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Here’s the thing about cheesesteaks—the best ones can only be had in Philly. Or at least that’s been my experience, as nothing compares to what I had at John’s Roast Pork during a visit to the City of Brotherly Love a few years back. Something about the crackly, lightly seeded roll and the divine alchemy between meat and cheese has always stuck with me as a vivid food memory.

Indeed, there’s somewhat of an art form to the construction of this humble icon; something many local purveyors seem to lack an understanding of. My two main criticisms for everywhere I’ve tried are as follows: an uneven meat to bread ratio, and the complete absence of Cheese Whiz. 

Generally speaking, great sandwiches are all about striking the perfect balance both in terms of flavors and textures, and I’m always disappointed to see stale, hollowed out bread bowls engulfing the steak in lieu of a proper hoagie. Furthermore, what’s with everyone’s aversion to the beautiful neon glow of Cheez Whiz, aka processed cheese product? To me, it’s as fundamental to the identity of this sandwich as any other ingredient. Besides, provolone sucks—fight me.

My hopes for finding a worthy cheesesteak in town were all but dashed until I heard about Mammoth Cheesesteaks, a relatively new addition to the food truck scene. I did a little digging to find a scant few images on their social media depicting their product. As a result, my expectations rose exponentially—could this be what my heart was longing for?

I finally paid them a visit while they were stationed at King Street Brewing recently. Upon approaching the stand, I could see that their menu is short and to the point—there are only three types of cheesesteak sold in two different sizes: 7” and 10”. The various toppings found across these tiers are also deemed add-ons to allow for some degree of customization. But perhaps the best interpretation of their menu is that choices range in complexity from the simplest, most basic version to, “oh my god, what have I done?”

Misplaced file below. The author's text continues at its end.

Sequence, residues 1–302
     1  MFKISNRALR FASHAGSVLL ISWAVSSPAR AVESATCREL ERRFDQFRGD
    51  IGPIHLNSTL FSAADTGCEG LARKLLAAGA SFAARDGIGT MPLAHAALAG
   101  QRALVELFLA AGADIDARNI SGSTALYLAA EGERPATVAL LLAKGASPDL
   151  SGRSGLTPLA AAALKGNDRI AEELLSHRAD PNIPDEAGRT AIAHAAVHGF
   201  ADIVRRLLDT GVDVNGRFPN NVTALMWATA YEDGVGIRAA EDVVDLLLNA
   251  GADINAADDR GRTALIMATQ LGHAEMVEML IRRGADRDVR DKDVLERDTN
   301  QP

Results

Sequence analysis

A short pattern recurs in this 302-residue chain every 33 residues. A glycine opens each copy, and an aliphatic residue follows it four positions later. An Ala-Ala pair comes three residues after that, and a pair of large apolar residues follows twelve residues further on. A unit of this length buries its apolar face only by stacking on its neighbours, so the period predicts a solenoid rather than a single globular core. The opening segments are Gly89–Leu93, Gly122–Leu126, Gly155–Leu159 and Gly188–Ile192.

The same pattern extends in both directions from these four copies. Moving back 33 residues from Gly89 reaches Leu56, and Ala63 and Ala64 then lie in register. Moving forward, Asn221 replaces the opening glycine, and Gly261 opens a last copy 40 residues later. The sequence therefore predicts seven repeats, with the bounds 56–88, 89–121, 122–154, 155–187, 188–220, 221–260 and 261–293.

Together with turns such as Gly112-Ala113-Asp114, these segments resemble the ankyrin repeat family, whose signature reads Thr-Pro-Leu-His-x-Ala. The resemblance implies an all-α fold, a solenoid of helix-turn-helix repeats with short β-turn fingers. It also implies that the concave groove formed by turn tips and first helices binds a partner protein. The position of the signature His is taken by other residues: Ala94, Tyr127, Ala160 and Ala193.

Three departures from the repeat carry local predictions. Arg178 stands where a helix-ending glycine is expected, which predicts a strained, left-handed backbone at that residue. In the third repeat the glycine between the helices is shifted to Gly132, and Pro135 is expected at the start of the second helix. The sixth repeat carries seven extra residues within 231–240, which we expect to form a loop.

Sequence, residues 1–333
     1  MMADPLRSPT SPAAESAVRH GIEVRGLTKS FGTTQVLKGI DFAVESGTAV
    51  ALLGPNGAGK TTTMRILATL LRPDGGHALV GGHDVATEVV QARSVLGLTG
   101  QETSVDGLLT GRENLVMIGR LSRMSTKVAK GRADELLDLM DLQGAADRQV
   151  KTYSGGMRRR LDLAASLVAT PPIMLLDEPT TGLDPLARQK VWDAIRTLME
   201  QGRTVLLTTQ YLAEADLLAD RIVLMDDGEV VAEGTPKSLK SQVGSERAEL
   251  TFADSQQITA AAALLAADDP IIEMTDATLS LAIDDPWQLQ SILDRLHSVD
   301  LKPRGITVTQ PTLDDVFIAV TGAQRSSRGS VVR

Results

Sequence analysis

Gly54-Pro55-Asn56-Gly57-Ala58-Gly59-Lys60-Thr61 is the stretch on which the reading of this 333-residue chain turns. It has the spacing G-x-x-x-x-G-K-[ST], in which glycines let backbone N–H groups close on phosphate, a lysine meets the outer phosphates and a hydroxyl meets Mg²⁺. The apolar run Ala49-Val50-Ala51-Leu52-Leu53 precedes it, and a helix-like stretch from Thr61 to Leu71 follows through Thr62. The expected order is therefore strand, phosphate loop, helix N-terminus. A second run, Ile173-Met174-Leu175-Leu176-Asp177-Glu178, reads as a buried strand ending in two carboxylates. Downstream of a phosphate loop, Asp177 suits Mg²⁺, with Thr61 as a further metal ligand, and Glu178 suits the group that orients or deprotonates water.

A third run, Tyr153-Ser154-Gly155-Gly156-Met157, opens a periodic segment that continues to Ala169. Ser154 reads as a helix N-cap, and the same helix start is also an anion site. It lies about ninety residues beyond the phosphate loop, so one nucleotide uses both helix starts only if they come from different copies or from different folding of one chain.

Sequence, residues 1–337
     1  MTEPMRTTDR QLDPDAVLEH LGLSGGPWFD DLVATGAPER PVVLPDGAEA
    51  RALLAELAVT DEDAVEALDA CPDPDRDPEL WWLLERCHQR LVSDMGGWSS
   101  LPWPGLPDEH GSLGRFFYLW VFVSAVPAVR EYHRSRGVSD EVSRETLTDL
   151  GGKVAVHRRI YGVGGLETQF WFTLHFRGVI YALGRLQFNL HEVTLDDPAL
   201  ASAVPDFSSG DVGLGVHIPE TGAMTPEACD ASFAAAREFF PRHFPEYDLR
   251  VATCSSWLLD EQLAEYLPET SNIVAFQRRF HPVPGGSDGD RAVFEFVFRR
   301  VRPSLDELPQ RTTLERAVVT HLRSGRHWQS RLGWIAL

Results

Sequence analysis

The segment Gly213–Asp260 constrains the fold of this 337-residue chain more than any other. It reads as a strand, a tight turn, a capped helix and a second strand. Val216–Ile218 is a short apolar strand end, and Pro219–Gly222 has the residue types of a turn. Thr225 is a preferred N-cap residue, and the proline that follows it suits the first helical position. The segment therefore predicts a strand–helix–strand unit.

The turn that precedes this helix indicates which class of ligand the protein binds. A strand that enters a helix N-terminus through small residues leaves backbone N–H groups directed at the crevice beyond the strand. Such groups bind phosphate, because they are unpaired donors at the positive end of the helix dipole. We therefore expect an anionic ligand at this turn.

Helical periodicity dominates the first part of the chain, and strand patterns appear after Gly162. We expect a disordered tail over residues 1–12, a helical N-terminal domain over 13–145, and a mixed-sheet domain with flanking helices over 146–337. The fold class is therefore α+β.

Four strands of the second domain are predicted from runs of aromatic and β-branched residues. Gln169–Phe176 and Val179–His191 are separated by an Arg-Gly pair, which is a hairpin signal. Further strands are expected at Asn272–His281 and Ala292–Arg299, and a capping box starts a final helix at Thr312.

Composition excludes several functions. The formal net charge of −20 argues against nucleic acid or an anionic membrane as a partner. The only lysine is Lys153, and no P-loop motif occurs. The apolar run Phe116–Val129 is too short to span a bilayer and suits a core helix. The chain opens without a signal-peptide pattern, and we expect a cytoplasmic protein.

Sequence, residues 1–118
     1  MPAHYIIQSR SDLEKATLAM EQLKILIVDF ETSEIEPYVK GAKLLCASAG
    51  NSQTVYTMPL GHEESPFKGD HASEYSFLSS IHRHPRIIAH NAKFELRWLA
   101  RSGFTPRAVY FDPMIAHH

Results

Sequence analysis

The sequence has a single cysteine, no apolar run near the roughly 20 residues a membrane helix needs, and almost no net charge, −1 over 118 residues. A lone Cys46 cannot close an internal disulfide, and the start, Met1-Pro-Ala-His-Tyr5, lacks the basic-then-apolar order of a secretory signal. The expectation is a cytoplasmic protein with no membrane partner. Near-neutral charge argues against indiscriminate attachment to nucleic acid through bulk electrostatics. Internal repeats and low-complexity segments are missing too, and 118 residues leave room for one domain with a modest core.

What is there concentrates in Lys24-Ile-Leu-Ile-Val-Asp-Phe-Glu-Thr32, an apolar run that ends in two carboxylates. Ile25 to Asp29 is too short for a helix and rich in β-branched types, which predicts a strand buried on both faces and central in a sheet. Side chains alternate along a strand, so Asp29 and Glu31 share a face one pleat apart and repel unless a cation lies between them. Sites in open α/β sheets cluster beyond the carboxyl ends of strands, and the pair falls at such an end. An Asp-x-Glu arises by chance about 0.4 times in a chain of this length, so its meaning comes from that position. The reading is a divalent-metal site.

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I settled for the Pepper Steak ("Whiz wit”, of course), planted right in the middle of this junction as I wanted very little to distract from the cheesesteak at its core. To that, I added an order of their garlic cheese curds, because hey, I’m a cheese fiend. And that’s about all they sell here aside from some potato chips and fries.

The guy who took my order handed me a buzzer before I returned to the brewery to settle in for a bit. When it finally got to be my turn, I went back out to receive a large, weighty bag. Inside was a massive, hulking beast that could hardly be contained by its packaging—so much so that the wrapper was starting to disintegrate from the sheer magnitude of the cheesesteak. Somehow, this sight was simultaneously ugly and beautiful.

But first, I popped a few cheese curds to ready my palate. Based on appearance alone, I’m fairly certain these made with Vampire Slayer curds, to anyone familiar. Compared to the likes of mozzarella, these were chewier and much more dense, with an elasticity that made for some incredible cheese pulls. The curds were incredibly garlic-y with the breading not having to pull much weight in terms of flavor. Though certainly enjoyable, one can’t help but think these could’ve used some marinara sauce. As is, the only effective comedown from these salt and garlic bombs was a beer chaser, which I’m not complaining about in the least.

At last, I attempted to wield this behemoth of a sandwich. What I wasn’t expecting at all is for my first bite to compel me to say, “whoa”. Maybe I’ve grown accustomed to tough, sinewy meat in these things, but the steak here was noticeably of higher quality and enhanced with the right amount of seasoning. A host of peppers helped defend against any sense of monotony, from the fruity fragrance of the bell peppers to the refreshingly sharp bite of the pickled variety.

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The roll was pillowy soft from steamed by the heat of the sandwich, while the cheese served as the figurative and literal glue that meld everything together. This proved to be much more than the sum of its parts and I found myself in a state of pure bliss as I continued eating. 

By the end, I was euphoric and in a grease induced stupor. Once I got up to leave, I noticed the scent of griddled meat having permeated my clothes. And that, my friends, is a sign of a good meal. While I could go on waxing poetic about this delectable discovery, I’ll leave you with this: if you want the best cheesesteaks this city has to offer, start hunting for Mammoth.

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